Personal lines player has been hit by rising cost of bodily injury claims
RSA UK chief executive Adrian Brown has praised the group’s 2009 performance, despite a 3% drop in net written premium in the UK.
Brown said the results were excellent given the context of the recession, and pointed to the group’s strong international performance, which saw an overall increase of 4% in net written premium, to £6.7bn.
In the UK, RSA posted a combined operating ratio (COR) of 98%, a slight deterioration from 97.6% in 2008. UK underwriting profits were £75m, compared with £99m in 2008, and investment returns were £238m, down from £317m in 2008.
Globally, RSA Group posted a COR of 94.6%, with an operating profit of £777m.
Brown said the 5% drop in UK commercial business – from £1.62bn in 2008 to £1.54bn in 2009 – was because of the economic downturn. RSA had estimated the total premium reduction from the recession to be £150m, but Brown said it managed to hold on to about half of this business through a series of special initiatives.
Like other big players in personal lines, RSA took a hit on the rising cost of bodily injury claims. Brown said this had been limited to £30m, because RSA had taken early action to counter rising costs. He said: “The hit to our result is fairly small compared with some of the other numbers being thrown around.”
Brown declined to comment on which competitors had got it wrong, but said: “When it comes to bodily injury costs, you have to be massively up to date on claims; that’s one of the things you have to watch like hell when you are cutting expenses and headcount.” He added that RSA had been proactive in managing claims and countering fraud.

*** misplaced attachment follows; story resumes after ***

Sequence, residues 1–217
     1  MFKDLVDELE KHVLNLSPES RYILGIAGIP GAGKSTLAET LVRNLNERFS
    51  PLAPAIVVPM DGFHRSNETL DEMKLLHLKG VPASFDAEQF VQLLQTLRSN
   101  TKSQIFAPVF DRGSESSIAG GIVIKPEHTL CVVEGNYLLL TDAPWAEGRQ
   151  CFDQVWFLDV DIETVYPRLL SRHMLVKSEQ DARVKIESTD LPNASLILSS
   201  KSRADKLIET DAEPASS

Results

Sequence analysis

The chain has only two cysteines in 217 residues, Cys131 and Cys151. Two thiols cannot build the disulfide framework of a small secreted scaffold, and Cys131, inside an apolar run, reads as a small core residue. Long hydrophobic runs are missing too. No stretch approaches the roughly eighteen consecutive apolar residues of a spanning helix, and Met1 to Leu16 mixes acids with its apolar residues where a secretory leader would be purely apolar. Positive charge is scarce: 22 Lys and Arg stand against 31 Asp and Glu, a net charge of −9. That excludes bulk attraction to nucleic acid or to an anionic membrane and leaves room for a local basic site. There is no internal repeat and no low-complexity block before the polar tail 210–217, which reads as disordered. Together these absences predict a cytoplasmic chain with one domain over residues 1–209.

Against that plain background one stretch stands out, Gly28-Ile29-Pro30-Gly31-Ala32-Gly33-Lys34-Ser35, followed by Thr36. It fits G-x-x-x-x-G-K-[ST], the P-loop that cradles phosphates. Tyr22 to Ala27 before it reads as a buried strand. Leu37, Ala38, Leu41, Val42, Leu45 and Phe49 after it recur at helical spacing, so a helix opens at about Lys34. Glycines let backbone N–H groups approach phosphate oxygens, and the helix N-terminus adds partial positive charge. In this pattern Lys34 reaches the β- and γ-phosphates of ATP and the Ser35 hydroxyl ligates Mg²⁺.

Brown said RSA had held its line on rates. For example, the insurer added 12% on broker and new business, and 19% on new business through its direct internet portal More Th>n.
Asked whether Aviva’s return to the corporate market could affect rates, he said: “We will watch with interest what Aviva does. We would hope given their results that they will come in with pricing discipline. It’s not something that has caused me concern to date, but clearly they are a serious competitor and it’s something we will have to keep an eye on.”
In the SME arena, RSA is targeting growth with a new product going live every six days throughout 2010. Growth in this area is focused on electronic trading, with multimillion-pound investment over a period of two years.
RSA is also on target with its cost reductions, having shed 1,200 jobs as announced in February 2009, and made £64m of cost savings, leaving it on target to deliver £70m of savings by the end of the first quarter 2010.